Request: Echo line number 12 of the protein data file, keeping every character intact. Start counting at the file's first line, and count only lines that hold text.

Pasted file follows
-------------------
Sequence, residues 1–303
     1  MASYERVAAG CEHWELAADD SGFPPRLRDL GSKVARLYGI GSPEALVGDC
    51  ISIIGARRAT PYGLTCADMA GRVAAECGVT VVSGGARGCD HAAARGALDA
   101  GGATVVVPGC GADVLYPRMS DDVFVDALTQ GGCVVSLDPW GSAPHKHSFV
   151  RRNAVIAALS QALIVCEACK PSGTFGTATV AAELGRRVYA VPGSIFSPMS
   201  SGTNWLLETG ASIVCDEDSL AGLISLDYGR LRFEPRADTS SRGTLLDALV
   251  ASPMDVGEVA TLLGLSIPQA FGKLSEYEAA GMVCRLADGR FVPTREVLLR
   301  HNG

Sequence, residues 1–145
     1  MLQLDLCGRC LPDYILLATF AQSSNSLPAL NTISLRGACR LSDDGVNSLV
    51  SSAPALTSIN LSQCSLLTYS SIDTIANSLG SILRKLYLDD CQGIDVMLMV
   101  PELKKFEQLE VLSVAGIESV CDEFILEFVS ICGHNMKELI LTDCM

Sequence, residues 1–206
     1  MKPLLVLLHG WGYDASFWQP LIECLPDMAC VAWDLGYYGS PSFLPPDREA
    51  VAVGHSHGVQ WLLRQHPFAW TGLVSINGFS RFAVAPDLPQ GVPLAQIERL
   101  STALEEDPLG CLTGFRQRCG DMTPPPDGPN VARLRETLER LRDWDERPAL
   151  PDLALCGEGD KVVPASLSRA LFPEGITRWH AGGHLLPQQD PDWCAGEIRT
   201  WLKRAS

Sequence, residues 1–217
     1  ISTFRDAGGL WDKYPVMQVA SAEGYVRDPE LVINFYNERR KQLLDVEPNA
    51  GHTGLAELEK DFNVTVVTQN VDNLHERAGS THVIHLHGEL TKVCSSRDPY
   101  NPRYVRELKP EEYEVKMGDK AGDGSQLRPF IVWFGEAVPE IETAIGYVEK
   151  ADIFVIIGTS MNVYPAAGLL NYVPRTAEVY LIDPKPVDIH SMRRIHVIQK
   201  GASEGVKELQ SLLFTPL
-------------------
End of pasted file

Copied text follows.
   101  PELKKFEQLE VLSVAGIESV CDEFILEFVS ICGHNMKELI LTDCM